Two officers were killed in off-duty accidents. Both are still under investigation but it appears that one was the fault of a drunk driver, and the other was now wearing his seat belt.
To all my friends and readers out there, I can not stress enough the importance of wearing your seat belt. Not just during the Click-It or Ticket campaign, but every time you are in a car.
Also, always be alert while you are driving. If you notice someone weaving or crossing the yellow line, choose safety and pull off. If you see someone driving in an unsafe manner, get to a safe place.
Officer Kevin Jessup – End of Watch(DATE)
Rest in peace Officer Kevin Jessup. The NYPD is in my prayers.
Deputy Matthew Swain – End of Watch:9/11/2011
Rest in peace Deputy Matthew Swain. The Grant County Sheriff’s Office is in my prayers.
Two officers died due to off-duty accidents. I usually honor primarily “line of Duty” deaths since there are dedicated websites to get the information. But MCA System – Blue Alert notified me of these. Since it’s “how these men lived” that make them heroes, I choose to honor them here. Please also remember to “be safe out there”, even when off-duty. Wear a helmet.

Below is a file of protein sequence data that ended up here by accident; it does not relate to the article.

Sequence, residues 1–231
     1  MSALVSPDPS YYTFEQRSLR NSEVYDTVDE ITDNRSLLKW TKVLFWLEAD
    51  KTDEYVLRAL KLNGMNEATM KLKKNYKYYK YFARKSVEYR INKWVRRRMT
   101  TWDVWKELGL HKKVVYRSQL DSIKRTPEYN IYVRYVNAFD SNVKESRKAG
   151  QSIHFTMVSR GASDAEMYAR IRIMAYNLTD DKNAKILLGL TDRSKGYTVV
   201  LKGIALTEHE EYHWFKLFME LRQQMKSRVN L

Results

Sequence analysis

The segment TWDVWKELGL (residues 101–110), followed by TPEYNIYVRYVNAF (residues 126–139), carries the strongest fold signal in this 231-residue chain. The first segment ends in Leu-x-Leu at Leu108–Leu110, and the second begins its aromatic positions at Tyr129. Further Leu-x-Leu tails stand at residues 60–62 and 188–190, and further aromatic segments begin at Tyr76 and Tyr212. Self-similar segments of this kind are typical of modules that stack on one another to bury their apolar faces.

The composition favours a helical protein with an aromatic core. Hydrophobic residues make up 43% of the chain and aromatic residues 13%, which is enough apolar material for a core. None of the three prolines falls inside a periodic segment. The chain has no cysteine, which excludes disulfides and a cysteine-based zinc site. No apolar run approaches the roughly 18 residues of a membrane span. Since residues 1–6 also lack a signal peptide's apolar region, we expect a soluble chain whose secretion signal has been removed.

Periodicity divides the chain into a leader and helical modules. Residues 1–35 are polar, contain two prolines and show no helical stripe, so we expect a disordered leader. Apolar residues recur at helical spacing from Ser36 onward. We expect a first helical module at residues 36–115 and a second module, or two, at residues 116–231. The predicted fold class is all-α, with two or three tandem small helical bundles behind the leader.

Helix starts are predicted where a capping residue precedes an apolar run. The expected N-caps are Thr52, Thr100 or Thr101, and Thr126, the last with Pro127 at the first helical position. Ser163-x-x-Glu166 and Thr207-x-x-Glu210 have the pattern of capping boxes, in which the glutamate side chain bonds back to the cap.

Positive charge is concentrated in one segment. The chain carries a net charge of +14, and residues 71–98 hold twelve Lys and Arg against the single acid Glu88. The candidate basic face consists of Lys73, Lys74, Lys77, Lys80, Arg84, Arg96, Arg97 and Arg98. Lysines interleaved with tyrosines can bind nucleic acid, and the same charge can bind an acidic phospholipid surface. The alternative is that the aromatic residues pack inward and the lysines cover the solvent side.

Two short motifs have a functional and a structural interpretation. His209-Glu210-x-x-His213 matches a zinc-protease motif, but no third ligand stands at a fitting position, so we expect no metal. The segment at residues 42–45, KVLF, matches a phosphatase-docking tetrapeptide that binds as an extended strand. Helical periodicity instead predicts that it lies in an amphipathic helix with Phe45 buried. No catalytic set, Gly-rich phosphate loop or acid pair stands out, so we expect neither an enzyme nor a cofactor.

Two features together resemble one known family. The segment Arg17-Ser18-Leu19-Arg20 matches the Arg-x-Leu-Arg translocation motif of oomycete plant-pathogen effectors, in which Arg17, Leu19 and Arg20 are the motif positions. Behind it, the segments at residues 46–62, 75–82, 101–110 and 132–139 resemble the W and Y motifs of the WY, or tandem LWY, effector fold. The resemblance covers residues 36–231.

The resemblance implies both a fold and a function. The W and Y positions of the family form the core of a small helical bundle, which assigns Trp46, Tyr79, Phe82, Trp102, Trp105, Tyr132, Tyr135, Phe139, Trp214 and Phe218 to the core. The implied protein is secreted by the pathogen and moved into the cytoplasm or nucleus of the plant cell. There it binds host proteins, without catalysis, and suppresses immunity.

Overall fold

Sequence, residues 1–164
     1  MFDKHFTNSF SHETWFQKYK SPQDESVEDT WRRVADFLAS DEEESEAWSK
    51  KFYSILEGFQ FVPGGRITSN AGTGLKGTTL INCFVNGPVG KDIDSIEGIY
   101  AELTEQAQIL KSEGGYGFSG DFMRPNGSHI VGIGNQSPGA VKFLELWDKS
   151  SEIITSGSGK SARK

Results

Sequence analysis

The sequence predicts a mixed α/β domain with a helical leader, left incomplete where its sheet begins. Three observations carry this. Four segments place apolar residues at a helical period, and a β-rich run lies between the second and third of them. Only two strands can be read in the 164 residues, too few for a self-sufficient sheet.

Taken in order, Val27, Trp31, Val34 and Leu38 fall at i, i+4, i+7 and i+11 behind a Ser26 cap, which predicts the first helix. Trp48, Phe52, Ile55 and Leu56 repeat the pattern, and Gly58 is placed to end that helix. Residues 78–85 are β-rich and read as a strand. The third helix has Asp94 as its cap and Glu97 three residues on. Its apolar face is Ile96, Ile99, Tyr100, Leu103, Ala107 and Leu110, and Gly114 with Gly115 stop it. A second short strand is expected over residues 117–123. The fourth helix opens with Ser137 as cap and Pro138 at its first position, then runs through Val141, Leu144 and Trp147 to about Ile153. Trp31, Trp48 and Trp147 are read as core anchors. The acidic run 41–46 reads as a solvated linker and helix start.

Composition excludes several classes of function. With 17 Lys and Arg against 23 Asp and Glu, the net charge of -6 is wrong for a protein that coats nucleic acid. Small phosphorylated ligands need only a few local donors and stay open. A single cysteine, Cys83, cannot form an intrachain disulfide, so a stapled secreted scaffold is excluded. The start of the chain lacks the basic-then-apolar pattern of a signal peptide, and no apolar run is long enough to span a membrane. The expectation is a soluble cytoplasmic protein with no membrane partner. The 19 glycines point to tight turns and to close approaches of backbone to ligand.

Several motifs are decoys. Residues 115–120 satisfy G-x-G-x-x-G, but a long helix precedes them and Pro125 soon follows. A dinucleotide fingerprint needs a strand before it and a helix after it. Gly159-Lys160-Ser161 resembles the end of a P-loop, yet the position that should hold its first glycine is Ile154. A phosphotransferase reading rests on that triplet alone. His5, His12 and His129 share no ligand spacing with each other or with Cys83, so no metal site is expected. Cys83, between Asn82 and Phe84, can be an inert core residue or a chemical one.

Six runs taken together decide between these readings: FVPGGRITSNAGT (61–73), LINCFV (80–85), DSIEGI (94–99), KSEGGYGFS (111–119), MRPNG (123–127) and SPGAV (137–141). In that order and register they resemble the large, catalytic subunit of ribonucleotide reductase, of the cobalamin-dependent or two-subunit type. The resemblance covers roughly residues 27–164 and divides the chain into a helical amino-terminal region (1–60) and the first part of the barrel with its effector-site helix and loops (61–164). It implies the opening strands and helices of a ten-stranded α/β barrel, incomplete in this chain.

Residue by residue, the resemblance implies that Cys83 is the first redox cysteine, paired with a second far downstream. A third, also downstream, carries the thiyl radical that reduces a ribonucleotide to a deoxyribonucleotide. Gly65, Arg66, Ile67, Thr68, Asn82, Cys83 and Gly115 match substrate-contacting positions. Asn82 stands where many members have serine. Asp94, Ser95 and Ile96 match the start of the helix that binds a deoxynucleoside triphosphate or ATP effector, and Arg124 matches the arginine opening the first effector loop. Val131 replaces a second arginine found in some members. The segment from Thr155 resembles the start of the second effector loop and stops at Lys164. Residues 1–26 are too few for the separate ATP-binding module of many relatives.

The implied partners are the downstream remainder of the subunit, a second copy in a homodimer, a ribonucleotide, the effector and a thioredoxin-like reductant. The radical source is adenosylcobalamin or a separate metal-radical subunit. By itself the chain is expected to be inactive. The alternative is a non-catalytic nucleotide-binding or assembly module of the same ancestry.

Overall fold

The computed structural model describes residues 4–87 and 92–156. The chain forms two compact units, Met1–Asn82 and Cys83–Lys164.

Shawn McGibbons – End of Watch 8/9/2011 Rest in peace Officer McGibbons. The San Antonio Police Department is in my prayers.
Officer Jarrod Louis Stathers – End of Watch 9/8/2011
Rest in peace Kimberly Police Officer and Trussville firefighter Jarrod Louis Stathers. The Kimberly Police Department and the Trussville Fire Department is in my prayers.
Dave Smith when he wrote Entering 2011 in a ‘conspiracy of safety’ for policeone.com really began pushing this phrase : NOT TODAY.
We will continue to post articles, news, and videos to help you as our part of the conspiracy. You will actively think when you read or watch these posts, “What would I do?” mentally rehearsing YOU resolving this or that crisis successfully. On the street, think to yourself, “Not today, not on this shift, not on this call, not on this stop — I will not be caught unaware!”
So September 1, an officer in Eastern Kentucky was faced with an option: Shoot or be shot. He choose to shoot. Good. This officer gets to go home tonight, safe. Now the bad guys know that the Kentucky State Police aren’t to be messed with.
If you would like, you can try to arm-chair quarterback this one. But there are a couple of important facts that should be remembered.
1. This individual was hiding from the KSP, and chose to come out of hiding and point a gun at the officer.
2. The officer did not have time to research this man’s mental state, or determine if the gun was loaded, or get references from the neighbors that he was a “nice man”. In a split second he chose to eliminate the threat. “NOT TODAY.” “I will survive.” “I will go home tonight to my family.”
Kudos to this undercover officer. You made the right decision.